Monday, 6 April 2015

Do you know how much power we have?

I start coming in early so I can share tea with the other maids in the canteen before starting.

I come in around 7.30am and fumble a few cold claggy mini Danish pastries on to my plate, and grab a machine tea.

Looking around the canteen I decide to take a seat with a woman in her late 40s. She's heavily made up, with short plum coloured, slightly punky hair and dark, eye-liner defined eyes.

“Hi, d'you mind if I sit here?” I say brightly.

“Not at all”, she says smiling.

We sip our teas.

It turns out she's Polish. Her name is Dorota and she's worked in housekeeping for a number of hotels in London. In this one she's worked four years on an agency contract.

“Compared to other hotels, this one is good”, she says easily.

I swallow the tea hard.

“I used to have to clean 18 rooms a day. This one is not so bad”.

“It's still a lot though, the 16 a day, and the pay is terrible don't you think? When did you last get a pay rise?”

She laughs. “Never. Yeah, the pay could be better. We work hard”.

“You know how much room attendants get in New York City?” I ask.


“£16 per hour, not dollars, £16 pounds, per hour. In exactly the same hotels”.

Dorota shakes her head and smiles down into her tea. “You don't say”

“It's because they're organised. They're unionised”.

“Yeah. We could do with a union here. But....”, she trails off.

“But what?”

“But people all have to get in to it, you can't just have a few here and there, people all need to join, and I don't see that happening”. She grimaces and looks from side to side to see if a supervisor is about.

“Do you know how much power we have?” I say, staring at her. “Without us this place can't function. Without us, people can't check in, beds don't get made, business men can't come and iron their shirts. We make this place”.

The housekeeping department of a hotel is the single largest department, the worst paid, the most invisible, yet the most powerful.

In this one some 300 rooms get cleaned, deep cleaned, Departure Room cleaned, pull-up cleaned, in whichever way - cleaned, by us every day. The hotels' big capital in the big capital are these rooms, these rent-a-night real estate money machines that we are the cogs for.

A hotel is the sum of its working parts. It is an organism and an experience made up of: The office with managers, the customer service team and accountants; Front of House with receptionists, porters and doormen; the restaurant, bar and kitchen with chefs, porters and waiting and banqueting staff; Maintenance with engineers and electricians repairing and oiling the machine; and then there's us in Housekeeping, with our linen and our hoovers and towels and dusters and replacement coffee sachets and shower gels. You don't see us, and we barely see you, but if we all go out on strike, you'll feel us.

Unlike in a factory, where a few hours out or a whole day on strike can see production made up again, in a luxury hotel you can't make up the lost production. You can't make up for the unmade beds and un-emptied trash cans; the room you cannot check in to. You can't make up for the unhappy experience. The hotel's reputation will take a massive hit.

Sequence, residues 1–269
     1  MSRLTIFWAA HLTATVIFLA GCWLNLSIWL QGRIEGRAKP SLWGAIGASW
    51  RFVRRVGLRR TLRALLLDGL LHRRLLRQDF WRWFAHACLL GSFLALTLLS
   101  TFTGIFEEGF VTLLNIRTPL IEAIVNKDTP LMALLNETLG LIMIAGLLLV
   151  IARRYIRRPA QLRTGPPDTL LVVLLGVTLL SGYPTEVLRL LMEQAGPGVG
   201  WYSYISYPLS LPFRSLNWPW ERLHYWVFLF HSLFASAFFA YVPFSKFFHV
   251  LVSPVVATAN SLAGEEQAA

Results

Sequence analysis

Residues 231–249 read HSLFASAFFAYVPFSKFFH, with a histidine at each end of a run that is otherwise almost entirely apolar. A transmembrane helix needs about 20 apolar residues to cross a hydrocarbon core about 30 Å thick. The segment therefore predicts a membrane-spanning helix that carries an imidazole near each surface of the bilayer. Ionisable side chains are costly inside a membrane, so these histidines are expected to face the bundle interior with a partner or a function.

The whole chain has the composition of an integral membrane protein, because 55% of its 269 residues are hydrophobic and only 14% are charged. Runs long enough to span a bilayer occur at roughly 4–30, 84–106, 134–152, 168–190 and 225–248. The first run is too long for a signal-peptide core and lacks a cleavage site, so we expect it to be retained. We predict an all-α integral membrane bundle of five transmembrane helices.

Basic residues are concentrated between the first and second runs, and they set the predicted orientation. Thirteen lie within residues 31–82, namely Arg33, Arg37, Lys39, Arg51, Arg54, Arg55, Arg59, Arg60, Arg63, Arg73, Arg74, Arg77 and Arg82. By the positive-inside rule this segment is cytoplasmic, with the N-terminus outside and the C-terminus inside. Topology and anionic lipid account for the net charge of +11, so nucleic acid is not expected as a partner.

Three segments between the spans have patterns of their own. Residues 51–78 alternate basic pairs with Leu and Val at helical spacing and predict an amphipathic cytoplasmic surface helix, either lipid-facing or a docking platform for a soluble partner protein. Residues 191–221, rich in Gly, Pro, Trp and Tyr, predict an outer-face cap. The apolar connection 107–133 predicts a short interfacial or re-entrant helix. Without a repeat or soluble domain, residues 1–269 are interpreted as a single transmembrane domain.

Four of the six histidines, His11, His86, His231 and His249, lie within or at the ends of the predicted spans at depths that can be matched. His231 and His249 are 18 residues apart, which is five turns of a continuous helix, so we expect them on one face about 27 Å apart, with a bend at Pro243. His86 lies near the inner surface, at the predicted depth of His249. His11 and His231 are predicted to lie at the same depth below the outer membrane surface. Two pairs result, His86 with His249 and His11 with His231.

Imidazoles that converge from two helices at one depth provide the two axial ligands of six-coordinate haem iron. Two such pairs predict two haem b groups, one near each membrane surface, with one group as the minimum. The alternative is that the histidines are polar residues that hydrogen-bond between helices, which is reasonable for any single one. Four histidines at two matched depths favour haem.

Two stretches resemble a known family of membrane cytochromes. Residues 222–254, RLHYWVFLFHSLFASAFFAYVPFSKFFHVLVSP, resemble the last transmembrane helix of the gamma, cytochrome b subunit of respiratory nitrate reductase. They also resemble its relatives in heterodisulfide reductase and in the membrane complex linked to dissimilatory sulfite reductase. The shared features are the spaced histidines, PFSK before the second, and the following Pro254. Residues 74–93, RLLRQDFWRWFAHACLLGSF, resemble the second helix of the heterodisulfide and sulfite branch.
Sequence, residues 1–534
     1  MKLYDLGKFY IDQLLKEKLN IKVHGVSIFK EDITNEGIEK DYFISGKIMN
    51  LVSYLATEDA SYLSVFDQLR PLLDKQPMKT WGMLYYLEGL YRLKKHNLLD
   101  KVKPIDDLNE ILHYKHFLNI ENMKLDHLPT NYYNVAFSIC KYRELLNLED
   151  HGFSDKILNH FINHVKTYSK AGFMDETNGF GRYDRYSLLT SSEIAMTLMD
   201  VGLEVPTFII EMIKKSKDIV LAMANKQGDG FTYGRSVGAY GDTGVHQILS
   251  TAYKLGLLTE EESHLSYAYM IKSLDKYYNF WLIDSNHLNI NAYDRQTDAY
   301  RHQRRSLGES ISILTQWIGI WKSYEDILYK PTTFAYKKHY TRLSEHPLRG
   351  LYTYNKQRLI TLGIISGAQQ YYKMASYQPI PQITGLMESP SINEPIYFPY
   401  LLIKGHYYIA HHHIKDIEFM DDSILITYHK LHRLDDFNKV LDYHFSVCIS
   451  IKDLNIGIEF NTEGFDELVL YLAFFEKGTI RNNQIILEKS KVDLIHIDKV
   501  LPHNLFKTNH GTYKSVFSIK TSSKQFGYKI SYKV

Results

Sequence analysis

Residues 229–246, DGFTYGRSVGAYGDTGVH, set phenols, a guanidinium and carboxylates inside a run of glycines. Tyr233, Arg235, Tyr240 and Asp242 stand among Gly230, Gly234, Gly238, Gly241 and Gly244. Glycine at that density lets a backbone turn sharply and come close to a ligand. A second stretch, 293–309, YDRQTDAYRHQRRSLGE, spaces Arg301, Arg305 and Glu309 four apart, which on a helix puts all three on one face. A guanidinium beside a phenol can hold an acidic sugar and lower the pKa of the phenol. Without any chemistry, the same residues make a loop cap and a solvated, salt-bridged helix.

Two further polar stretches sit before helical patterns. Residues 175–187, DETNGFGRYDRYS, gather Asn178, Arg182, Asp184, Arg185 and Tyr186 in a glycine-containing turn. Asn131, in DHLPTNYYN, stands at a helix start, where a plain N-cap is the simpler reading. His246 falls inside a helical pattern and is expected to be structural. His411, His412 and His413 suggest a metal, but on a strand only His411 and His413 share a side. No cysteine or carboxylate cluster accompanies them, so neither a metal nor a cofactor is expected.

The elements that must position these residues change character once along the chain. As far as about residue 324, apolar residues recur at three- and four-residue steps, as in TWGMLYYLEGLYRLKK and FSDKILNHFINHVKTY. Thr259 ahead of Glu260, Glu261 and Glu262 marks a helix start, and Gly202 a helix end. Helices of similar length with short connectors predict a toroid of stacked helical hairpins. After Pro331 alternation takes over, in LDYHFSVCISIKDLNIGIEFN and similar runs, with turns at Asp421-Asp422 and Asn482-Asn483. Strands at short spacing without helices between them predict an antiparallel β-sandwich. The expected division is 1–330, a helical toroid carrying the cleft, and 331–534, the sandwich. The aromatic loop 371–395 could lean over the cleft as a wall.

A strike in a hotel is every hotel chain's nightmare.

There have been walkouts before. In one, agency room attendants hadn't been paid for a month's work. They had called and asked and demanded their pay, for their side of the deal to be kept up but were fobbed off.

So, some 30 cleaners all walked into the canteen at the start of the day and refused to come out until they were paid. Managers were apparently crying. Supervisors were running around all over the place trying to arrange cover and clean rooms themselves. Double pay was promised to those who'd break ranks and go back to work. The women stood firm and were paid the same day.

Dorota smiles. “One time here, three girls were supposed to work on Christmas day. They had stayed the night before, but decided on the day that they weren't going to work. I don't know why, maybe they drank too much but, they left, and with just with these three gone, we had Chaos on all the floors. Chaos.”

I nod slowly.

“I think we need a union here”, I say.

Dorota looks up from her tea and straight at me......

1 comment:

  1. You can see why they want immigrants and not natives. Natives have more of a
    support structure and sense of the "proud histories" the nation tells
    itself. There is some natural moment for a native to say "you can't treat people
    this way."

    It relies on an enormous basic belief in personal unworthiness among these
    women. How long have they been groomed to feel this way about themselves? They
    end up feeling guilty for "stealing" if they do take a lunch break. This suits
    management fine, especially because it's invisible. If no one can talk about it
    no one has to think through their role, and everyone involved in the
    exploitation can feel like a good-enough person.

    I'm seeing this alarming passivity in the face of gleeful predation all over the
    place. I think some kind of strong spiritual belief may be the only way to
    resist the dehumanization going on. If we are just gene-driven machines, then
    what is our worth at the end? Each is a speck on a speck, and it's hard for
    people to sacrifice or display bravery in that situation. The brave one can do
    what is right because she knows there is something more.

    Or maybe there are other ways. For now though, they are hypnotized by the
    perceived smallness of their condition and it's a lie.

    Best of luck to you and these women you hope to help. Oh I do hope you give these
    hotels hell one day...